From speedreading to speedwriting

The most common question that I get about speedreading: how do I manage the information I just read. There is a simple and effective answer: start writing. The actual writing is important, and the details are technical.

Speedreading and speedwriting

Quite often we read to write. This is especially true for authors, bloggers, and journalists. The process is very simple:

  1. When we read, usually between articles and sessions, we make entries to some diary.
  2. Once we collected enough diary entries, we generate a title pitch using the diary entries.
  3. We review the entries and read more to fill in the holes in understanding.
  4. Then we write an article in a private or a public blog. The writing is the most complex part of the process, yet we all learned to write essays at school.
  5. We review the article again, editing it, adding thumbnail image, and metadata.

What is a viable alternative?

Consider the alternatives to understand why this procedure is better:

  1. Forget the subject unless we meet it again spontaneously. This is the default behavior of 90% of human beings. Pretty pathetic, yet often good enough. If something is important, we are likely to meet it many times.
  2. Select a small subset of details that need to be remembered: factors, names, dates. Create some spaced repetition plan and review the details. This is the default behavior of memory masters. Guarantees long-term retention but at a great cost.
  3. Build a project using the data acquired. This is the way of scientists and entrepreneurs. What can be used in the project will be remembered. What cannot be used will be forgotten, but then it might be useless. The project may include software or presentation or something different and creative.
  4. Daydream about the subject. This is the way of artists and philosophers. Quite effective to remember cool and useless information, including all the juicy details. In this way, we also may generate cool creative associations. Usually, this works with subjects that fascinate us.

I argue that speedreading followed by speedwriting can upgrade each of these approaches.

Speed considerations

While I occasionally speedread 400 articles per day, speedwriting is usually limited to 10000 words or 6 full articles per day. Each of these articles uses maybe around 8 resources. If you cannot write 20 pages of text per day, take my speedwriting course. Success is almost guaranteed.

Proper speedreading itself [the way I practice it] is somewhat different from our default approach:

  1. (10%) Preread (skim or scan, 20000 wpm) and evaluate the text.
  2. (40%) Read the text (4000 wpm) and retain it
  3. (40%) Reflect about the text and what it means for us, reviewing the memory structures in the process.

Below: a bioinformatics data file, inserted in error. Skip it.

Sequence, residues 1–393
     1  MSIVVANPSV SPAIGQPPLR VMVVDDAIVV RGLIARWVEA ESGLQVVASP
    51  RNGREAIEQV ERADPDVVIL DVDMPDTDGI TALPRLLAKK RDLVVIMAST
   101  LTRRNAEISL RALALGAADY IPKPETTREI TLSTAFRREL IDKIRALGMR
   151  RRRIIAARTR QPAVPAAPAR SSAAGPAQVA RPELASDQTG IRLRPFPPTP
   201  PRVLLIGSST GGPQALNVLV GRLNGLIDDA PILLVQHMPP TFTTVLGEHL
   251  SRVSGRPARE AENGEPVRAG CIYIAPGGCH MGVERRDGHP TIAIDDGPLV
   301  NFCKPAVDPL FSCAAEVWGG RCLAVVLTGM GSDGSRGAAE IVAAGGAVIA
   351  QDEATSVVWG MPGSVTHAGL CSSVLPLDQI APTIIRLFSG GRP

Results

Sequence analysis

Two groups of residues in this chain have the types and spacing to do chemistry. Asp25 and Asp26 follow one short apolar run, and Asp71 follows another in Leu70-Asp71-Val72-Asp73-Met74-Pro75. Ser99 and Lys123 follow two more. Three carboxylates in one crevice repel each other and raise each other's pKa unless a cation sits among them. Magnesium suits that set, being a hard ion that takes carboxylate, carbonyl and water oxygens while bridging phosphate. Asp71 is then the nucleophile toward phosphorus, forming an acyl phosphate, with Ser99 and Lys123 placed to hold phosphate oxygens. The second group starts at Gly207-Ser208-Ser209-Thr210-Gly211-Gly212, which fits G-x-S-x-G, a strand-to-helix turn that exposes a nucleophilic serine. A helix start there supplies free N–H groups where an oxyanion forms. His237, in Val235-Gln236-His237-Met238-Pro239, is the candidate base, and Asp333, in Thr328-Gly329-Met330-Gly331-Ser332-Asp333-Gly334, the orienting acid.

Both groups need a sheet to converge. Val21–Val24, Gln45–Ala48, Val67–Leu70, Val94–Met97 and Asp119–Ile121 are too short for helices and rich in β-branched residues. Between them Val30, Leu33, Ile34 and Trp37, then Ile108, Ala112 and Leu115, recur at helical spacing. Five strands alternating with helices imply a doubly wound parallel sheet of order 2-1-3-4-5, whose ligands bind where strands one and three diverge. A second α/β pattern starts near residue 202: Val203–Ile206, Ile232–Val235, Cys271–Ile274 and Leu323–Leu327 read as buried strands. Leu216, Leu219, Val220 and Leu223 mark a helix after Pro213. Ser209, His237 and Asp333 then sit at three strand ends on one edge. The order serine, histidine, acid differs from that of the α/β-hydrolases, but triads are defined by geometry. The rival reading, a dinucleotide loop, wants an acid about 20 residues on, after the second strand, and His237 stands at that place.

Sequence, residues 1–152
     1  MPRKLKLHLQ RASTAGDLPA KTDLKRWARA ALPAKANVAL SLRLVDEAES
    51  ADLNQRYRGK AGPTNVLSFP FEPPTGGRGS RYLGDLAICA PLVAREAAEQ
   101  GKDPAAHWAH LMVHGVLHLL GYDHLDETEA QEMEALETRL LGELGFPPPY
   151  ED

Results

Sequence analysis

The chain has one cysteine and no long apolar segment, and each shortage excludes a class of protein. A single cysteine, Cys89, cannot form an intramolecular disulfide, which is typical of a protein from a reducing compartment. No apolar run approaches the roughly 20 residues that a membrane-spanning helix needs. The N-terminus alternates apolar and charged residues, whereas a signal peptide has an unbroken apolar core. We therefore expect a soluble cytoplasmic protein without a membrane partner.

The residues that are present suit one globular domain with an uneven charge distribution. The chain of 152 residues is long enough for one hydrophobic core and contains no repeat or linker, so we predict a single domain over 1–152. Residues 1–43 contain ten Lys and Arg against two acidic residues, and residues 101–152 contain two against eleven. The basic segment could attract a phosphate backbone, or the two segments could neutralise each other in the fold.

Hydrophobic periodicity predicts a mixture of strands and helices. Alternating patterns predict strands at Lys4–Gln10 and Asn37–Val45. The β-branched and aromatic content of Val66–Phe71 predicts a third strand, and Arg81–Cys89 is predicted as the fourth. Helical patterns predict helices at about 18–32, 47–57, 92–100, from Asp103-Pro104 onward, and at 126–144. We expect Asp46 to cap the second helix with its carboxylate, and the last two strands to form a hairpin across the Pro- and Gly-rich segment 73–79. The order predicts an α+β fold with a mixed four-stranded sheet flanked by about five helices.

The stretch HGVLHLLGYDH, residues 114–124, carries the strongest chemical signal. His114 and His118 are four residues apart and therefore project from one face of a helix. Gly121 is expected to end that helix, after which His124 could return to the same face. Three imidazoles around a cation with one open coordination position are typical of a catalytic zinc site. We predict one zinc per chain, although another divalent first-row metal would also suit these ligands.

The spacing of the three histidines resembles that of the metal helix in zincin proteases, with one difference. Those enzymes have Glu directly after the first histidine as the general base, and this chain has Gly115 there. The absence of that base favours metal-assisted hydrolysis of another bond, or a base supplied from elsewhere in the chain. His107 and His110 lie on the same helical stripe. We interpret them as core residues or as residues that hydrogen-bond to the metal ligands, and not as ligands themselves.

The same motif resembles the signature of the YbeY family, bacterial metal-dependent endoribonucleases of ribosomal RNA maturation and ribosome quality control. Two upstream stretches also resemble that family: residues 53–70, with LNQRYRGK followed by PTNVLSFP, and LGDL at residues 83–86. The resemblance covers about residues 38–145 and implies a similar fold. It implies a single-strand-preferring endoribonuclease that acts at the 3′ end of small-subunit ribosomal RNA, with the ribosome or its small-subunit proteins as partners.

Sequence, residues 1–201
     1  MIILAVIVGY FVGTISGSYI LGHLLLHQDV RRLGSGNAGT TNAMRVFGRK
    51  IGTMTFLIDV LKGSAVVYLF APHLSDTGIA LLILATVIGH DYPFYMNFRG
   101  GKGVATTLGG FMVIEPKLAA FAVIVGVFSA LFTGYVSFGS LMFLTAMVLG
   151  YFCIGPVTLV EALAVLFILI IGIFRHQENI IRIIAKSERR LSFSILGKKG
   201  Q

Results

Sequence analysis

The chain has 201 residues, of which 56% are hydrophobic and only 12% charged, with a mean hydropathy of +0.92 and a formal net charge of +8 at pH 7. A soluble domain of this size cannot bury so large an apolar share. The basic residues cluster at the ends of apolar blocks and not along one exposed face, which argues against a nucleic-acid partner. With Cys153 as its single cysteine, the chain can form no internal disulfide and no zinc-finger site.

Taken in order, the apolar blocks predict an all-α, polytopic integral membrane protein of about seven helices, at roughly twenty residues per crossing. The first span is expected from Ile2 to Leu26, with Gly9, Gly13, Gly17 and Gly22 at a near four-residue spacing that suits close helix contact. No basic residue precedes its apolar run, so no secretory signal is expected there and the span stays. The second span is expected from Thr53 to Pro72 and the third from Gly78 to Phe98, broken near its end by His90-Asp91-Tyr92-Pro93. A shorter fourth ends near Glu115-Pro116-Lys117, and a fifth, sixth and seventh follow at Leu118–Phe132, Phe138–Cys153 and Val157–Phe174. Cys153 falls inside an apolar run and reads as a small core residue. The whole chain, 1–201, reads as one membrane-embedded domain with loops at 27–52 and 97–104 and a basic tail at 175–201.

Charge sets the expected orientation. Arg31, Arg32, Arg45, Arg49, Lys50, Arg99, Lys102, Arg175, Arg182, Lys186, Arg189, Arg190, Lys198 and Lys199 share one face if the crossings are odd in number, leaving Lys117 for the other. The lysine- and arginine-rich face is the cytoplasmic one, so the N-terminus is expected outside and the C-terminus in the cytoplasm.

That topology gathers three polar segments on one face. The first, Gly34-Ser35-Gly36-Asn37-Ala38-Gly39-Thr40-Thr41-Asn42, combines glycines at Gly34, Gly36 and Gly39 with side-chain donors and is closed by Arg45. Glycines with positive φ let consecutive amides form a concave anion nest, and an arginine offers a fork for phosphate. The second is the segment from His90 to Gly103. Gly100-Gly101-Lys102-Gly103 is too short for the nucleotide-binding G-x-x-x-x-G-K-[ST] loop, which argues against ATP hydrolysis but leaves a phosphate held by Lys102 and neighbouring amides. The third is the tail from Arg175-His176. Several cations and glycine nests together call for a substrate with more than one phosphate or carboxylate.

4. (10%) Make a diary entry

I read pretty fast. You will probably read slower and the numbers will be different. Now, most people will preread and read, but then not know how to reflect about the text and make diary entries. Reflection is a complex process that we cover in several courses, including

  1. anchoring and defusing,
  2. analysis and creativity,
  3. questioning and marker creation.

Do not doubt yourself

90% of us 90% of the time cannot create good texts. The basic idea is not to be the next Pulitzer prize winner. We simply organize our thoughts by writing. While we do that, we review the materials several times. We are actually forced to review them, since writing a 1500 words articles (like I do in this blog) is hard. After 600 words we are already tired, unless we can use additional resources.

WORD COUNT SO FAR 573 WORDS!

So you will review your materials so many times, actively and passively, that you are very likely to remember them. And if not, you will be able to find them via your full article.

Do not try to dictate and do not worry about grammar. Catherine the Great was one of the most effective rulers. Yet there is a true story about her.

Not a native speaker of Russian, Catherine misspelled eщё ([jɪɕˈɕo] ‘more’), written with three letters, as истчо ([ɪstˈtɕo]), consisting of five letters, and that allegedly gave rise to a popular Russian joke: how can five mistakes occur in a word of three letters? (The letter ё was not widely accepted until the 1940s).

The system works

I am sorry to say, that unless I use what I read I forget it. Sometimes I use it in private communication, sending anecdotes to friends and then discussing with them. Or in this blog. Occasionally answering my students.

I actually “know” the materials of my day job or my PhD not as good as the stuff I write about. Using something that we learn, allows for some non-verbal hands-on knowledge. Writing is very verbal, and often detail-oriented. Talking confidently or writing about something does not mean I know how to apply it practically.

So basically we want a combined approach for maximal coverage.

Combine everything

OK, so let us combine all the methods:

  1. Use speedwriting to reflect, analyze, and maintain the logic of what we read.
  2. Implement spaced repetition for specific data, like names, terms, dates, statistics.
  3. If what you read is cool, do daydream about it. Not just about a specific article, but about whole subjects.
  4. If what you read can be tested or implemented, consider using it practically. Since this step can be expensive, maybe a discussion or a mental experiment will suffice.
  5. Some of the stuff we read will be forgotten. This is OK. If the stuff is important, we will see it again…

This is a very useful and practical approach.

Long discussion short practice

For speedwriting we usually want long discussions, like 1500 or 2500 words. For practical aspects that can be implemented, 800 words are good enough. This article is practical, so I will stop here.

Do not just read, but use what you read…

 

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